Dysfunctional Uterine Bleeding

Dysfunctional Uterine Bleeding

What is menstruation?

Menstruation, or having periods, is part of the female reproductive cycle.

While the average interval between periods is 28 days, many women will have cycles that are either longer or shorter than this.

During a period, the lining of the womb, which is no longer required if a pregnancy has not occurred, is shed and bleeding occurs through the vagina. This bleeding usually lasts between three and seven days.

What is dysfunctional uterine bleeding?

This is abnormal or irregular bleeding that is not caused by an infection, a tumour or pregnancy.

It usually occurs at the beginning or end of the reproductive stage of a woman's life, ie. at puberty or the menopause. This is due to the fact that the production of hormones may be erratic at these times.

Dysfunctional uterine bleeding is diagnosed only after other causes of uterine bleeding have been ruled out.

What causes dysfunctional uterine bleeding?

Dysfunctional uterine bleeding is caused by the erratic production of hormones. That is why it is more commonly associated with puberty and the menopause.

The endometrium (lining of the womb) is stimulated to grow by the hormone oestrogen. If this is not balanced by the presence of progesterone, the endometrium may continue to grow until it outgrows its blood supply. At this point it breaks away and is discharged, causing irregular and sometimes heavy bleeding.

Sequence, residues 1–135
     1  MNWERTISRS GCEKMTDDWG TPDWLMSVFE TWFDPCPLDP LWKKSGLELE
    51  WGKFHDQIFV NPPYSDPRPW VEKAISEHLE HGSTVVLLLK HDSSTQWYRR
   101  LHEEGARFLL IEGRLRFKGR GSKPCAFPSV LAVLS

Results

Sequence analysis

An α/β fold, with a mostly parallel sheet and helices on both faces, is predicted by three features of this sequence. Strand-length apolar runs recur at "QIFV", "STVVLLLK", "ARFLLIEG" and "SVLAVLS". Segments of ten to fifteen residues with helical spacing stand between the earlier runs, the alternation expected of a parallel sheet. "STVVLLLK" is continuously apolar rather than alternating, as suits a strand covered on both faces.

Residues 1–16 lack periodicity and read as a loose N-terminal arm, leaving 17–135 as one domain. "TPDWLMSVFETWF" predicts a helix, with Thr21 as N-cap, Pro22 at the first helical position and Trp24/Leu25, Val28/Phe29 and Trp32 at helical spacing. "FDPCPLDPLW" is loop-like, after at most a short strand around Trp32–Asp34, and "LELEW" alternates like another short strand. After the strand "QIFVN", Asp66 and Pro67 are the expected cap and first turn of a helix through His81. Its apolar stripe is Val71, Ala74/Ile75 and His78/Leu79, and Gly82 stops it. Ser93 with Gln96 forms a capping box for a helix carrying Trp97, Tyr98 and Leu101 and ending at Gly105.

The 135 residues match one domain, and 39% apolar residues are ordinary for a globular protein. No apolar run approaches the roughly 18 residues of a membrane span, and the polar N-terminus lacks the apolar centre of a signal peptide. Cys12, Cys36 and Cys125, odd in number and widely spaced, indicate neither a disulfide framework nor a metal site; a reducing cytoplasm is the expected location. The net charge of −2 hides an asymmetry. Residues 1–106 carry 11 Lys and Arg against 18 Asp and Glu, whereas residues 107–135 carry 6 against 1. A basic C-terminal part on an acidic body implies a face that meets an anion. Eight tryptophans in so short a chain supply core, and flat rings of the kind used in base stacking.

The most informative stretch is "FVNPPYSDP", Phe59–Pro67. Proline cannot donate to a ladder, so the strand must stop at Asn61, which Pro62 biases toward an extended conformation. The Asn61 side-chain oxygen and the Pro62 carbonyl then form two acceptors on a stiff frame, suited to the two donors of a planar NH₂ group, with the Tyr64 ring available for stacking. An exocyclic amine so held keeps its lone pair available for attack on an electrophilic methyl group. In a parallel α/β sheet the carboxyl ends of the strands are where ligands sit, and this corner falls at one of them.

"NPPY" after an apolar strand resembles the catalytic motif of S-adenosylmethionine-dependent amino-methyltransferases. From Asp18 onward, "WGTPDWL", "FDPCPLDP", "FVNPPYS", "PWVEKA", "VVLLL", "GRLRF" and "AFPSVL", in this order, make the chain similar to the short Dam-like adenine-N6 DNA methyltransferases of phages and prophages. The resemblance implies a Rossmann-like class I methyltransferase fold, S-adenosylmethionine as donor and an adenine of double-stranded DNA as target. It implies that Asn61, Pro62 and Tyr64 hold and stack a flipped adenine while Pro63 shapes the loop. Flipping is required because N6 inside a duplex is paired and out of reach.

If this bleeding is very heavy and very frequent, anaemia can result.

Menorrhagia (abnormally long periods) is often a symptom of dysfunctional uterine bleeding. There may also be an irregular bleeding pattern.

Other causes of abnormal bleeding patterns, such as endometriosis, fibroids or pelvic inflammatory disease (PID) must be outruled before it can be assumed that the menorrhagia is due to dysfunctional uterine bleeding.

How is dysfunctional uterine bleeding treated?

By definition, dysfunctional uterine bleeding is only said to exist when other causes of abnormal bleeding have been ruled out. Therefore, treatment usually consists of relieving the symptoms of the bleeding so that it does not interfere with a woman's normal life or cause anaemia. This may include taking medications such as the oral contraceptive pill and possibly taking iron supplements to reduce the chances of developing anaemia.

In some cases, surgery may be required. In the past, hysterectomy (surgical removal of the womb) was the only surgical option to relieve heavy bleeding in older women. Nowadays, there are a number of options short of hysterectomy, such as endometrial ablation where the lining of the womb (the endometrium) may be removed using a telescopic instrument inserted through the vagina and neck of the womb (cervix).

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